Meanwhile, a minor column under Lieutenant-General Sir William Gatacre, had been advancing up the railway line from East London, towards Transvaal.
Attempting to surprise the enemy by a night attack near Stromberg, the column got lost, was itself surprised by the Boers and forced to withdraw with heavy losses. These three humiliating defeats - at Magersfontein, Colenso and Stromberg - occurred within a single week. They effectively halted all three of Buller’s probes against the Boers. There was no doubt about it , the Empire had been utterly defeated on the field by the two nearly bankrupt Boer republics.
.A small, trim unhappy figure, with a darkly tanned leathery face, he left Southampton on a bleak day before a silent crowd. With him went the hopes of all those who cherished the British Empire. His Chief-of-Staff was to be Major-General Lord Kitchener of Khartoum, who recently achieved glory by decimating the Dervishes at Omdurman.
There was just one piece of good news to cheer the public. It concerned a well-known newspaper correspondent, named Winston Churchill, who was so highly thought of in Fleet Street that he was being paid a salary, as he said “higher I think, than any previously paid in British journalism to a war correspondent”. He had however been captured by the forces of Louis Botha. Churchill insisted he was a war correspondent and as such should released; the Boers, with some justification insisted he had acted as a combatant and would be treated as such. But Churchill escaped from the prisoner-of-war camp in Pretoria by scaling a ten foot wall. He reached neutral territory aboard a goods train and returned to cover Buller’s operations after Black Week.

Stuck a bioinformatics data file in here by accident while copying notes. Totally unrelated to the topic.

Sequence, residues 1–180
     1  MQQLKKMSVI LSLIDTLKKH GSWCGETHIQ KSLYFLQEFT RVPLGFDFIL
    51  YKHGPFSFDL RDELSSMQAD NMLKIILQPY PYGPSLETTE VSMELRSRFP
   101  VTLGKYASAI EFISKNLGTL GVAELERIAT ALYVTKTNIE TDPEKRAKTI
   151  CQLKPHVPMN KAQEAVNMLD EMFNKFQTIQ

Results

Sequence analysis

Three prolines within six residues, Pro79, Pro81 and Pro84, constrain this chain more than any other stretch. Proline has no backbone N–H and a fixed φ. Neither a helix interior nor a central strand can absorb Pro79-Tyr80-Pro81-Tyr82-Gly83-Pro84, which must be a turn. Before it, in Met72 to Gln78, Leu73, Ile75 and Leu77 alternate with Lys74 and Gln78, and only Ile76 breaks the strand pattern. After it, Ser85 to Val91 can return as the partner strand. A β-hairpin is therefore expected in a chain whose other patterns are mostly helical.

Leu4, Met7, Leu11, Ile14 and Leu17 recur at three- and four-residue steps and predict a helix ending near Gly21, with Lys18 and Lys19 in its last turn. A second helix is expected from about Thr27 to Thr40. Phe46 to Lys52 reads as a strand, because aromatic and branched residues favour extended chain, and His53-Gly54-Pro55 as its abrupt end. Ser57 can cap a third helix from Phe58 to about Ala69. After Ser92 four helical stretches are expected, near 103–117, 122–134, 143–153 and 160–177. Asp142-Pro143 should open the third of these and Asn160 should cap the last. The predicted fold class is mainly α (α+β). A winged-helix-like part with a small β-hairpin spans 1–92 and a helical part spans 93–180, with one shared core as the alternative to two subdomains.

The British public had assumed the war would be a short one, over by Christmas. But far from being over it seemed the war had hardly begun. Both the Boer and British armies celebrated Christmas as best they could . At Ladysmith the Boers thoughtfully sent plum pudding in to the town, winning this conflict the reassuring nickname “The Last of The Gentleman’s Wars”
After more than two months of siege, Mafeking had suffered less than a dozen casualties from the ineffective Boer bombardment. Only the Africans, in the native quarter of the town, were feeling the effects of encirclement. On one occasion the desperate Africans streamed out of town, only to be shot down by the Boers who mistook the Africans rush as an attack.